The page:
I think with hosted solutions, the limitation is not the volume, it is your wide area network connection speed.  Large containers would be accessible only at those speeds instead of local area network speeds.  However, I have to say that most of my cloud hosted clients rarely have speed problems with containers.  If they do, it is more about schema, relationships, sorting, portals, than it is about containers.  FileMaker does a good job of just displaying the container icon (not downloading it unless needed) or if it has a preview, it handles it like a web browser as a separate process that loads while you do other things live in FileMaker.  In other words, you don't have to wait for the container data to load before doing other things in FileMaker.  It's actually pretty slick how it works. 

                       

                      There may be other performance reasons to keep it on the network, but containers would be one of the lesser problems to overcome.  Granted a hosting company is going to charge you more to host large volumes.  Then again, it usually is nicely handled and backed up in the cloud by the hosting company keeping your solution maintenance activities minimal. 

                      • 8. Re: What is the best Mac server configuration?
                        tamalellama

                        I appreciate the thoughts about hosted solutions, but we really do need to keep it on the LAN. Those 12 FMP users are accessing large container objects regularly and may pull ten or more multi MB files open in one operation. That being said, I'll look at the logs. In the meantime, given the parameters I've mentioned thus far, what else would you need to know to recommend a particular configuration?

                        • 9. Re: What is the best Mac server configuration?
                          tamalellama

                          Okay, I'm logging now for review, but not sure what would indicate a problem from the following metrics:

                           

                          Network KB/sec In

                          Network KB/sec Out

                          Disk KB/sec Read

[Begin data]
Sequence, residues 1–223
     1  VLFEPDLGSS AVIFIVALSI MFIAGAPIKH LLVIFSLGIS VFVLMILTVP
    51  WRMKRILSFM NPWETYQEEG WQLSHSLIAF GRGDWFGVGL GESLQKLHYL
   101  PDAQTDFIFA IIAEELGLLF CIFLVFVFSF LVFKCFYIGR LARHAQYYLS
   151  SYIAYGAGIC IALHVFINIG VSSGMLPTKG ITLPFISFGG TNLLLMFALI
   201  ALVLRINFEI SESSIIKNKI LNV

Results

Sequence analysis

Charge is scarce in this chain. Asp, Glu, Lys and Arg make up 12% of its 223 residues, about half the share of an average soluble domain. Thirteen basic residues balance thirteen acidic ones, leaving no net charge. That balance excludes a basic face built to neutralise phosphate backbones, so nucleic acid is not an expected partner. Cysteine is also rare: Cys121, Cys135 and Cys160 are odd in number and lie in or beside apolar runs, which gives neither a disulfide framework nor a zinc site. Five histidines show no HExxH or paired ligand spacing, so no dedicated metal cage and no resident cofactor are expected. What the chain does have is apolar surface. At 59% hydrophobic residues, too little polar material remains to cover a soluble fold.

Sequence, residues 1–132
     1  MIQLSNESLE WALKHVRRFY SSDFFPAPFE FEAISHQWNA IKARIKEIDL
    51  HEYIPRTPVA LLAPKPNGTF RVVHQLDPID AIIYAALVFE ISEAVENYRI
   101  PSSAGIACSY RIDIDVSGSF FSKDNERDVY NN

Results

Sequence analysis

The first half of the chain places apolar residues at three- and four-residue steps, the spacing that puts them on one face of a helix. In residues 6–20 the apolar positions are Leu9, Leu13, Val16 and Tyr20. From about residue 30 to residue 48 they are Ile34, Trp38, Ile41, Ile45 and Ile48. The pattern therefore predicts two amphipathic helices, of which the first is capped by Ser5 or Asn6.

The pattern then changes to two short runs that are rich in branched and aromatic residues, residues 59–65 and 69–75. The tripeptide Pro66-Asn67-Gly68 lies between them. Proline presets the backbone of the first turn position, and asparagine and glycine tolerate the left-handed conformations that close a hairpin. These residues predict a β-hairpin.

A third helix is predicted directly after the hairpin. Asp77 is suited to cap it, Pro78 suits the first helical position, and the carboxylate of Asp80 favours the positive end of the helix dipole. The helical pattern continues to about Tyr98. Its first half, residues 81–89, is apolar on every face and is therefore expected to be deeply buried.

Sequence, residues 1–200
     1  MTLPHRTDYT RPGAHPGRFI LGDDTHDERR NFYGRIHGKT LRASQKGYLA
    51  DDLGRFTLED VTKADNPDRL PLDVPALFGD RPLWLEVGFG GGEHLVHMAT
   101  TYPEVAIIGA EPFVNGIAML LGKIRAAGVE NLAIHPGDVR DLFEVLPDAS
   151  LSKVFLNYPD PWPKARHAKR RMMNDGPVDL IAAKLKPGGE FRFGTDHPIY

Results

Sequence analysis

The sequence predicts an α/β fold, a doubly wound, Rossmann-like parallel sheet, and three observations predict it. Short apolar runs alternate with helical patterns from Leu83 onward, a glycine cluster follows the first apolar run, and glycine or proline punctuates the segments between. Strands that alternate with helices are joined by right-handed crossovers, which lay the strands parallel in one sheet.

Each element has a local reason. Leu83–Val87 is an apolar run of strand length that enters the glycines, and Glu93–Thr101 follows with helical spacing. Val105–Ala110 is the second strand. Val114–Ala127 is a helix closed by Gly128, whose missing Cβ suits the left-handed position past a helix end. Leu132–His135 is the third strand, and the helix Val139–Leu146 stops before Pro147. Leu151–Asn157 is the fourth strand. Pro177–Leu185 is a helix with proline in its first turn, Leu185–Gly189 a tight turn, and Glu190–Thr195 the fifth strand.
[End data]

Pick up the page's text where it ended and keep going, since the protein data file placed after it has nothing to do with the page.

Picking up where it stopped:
Disk KB/sec Written

                          Cache Hit %

                          Cache Unsaved %

                          Remote Calls/sec

                          Remote Calls In Progress

                          Elapsed Time/call

                          Wait Time/call

                          I/O Time/call

                           

                          i.e. Disk read/writes in excess of 3000 KB/sec you need a PCIe drive or Cache hits of X% you need more RAM, etc. Any suggestions?

                          • 10. Re: What is the best Mac server configuration?
                            wimdecorte

                            Network and Disk are pretty self explanatory since they indicate sheer volume.

                             

                            For disk i/o you have the extra metric of 'i/o time per call', obviously that one should be low.  If it is not then you need to get faster disks.

                             

                            Memory is seldom an issue these days but obviously you need to assign enough RAM so that the cache hit % is 100% consistently.  but don't go overboard on the cache setting either, it's been known to introduce instability if you go too high.

                             

                            Remote calls /sec and remote calls in progress give you an indication of the intensity of the user's interactions, how hard it makes FMS work.

                             

                            That leaves 'elapsed time per call' and 'wait time per call'.  Those have to do with processing power and processor availability.  In my experience this is the area where the most suffering is.

                            Look for high numbers there, if you have them then your deployment is starved for processing power.  But that can be either wanting more cores or faster cpus.  The logs won't tell you that.  The logs together with a good insight into the design will help there.

                            2 of 2 people found this helpful
                            • 11. Re: What is the best Mac server configuration?
                              tamalellama

                              We went with the Mac Pro. Our experience has been remarkable. Scheduled server scripts have especially benefited and are running in 1/4 - 1/2 the time previously. Backups are also much faster as noted regarding the PCIe flash storage.

                              • 12. Re: What is the best Mac server configuration?
                                taylorsharpe

                                tamalellama wrote:

                                 

                                We went with the Mac Pro. Our experience has been remarkable. Scheduled server scripts have especially benefited and are running in 1/4 - 1/2 the time previously. Backups are also much faster as noted regarding the PCIe flash storage.

                                I concur on the Mac Pro performance.  I keep having enterprise level IT guys come in and replace in-house (on LAN) Mac Pros with their high end Windows server and so far, none of them have performed better than the Mac Pro and most cost a lot more and are noticeably slower.  I can't fully explain it, I just know the end user experience. 

                                 

                                Suggestion:  Backups are better done to another drive for efficiency and performance.  You can get a good Thunderbolt or USB-3 RAID that would handle backups well.   You want local backups to be on a separate drive than the live data in case the live data drive goes, it doesn't kill your backups too leaving you nothing.  And of course you should be planning for an offsite backup every so often too.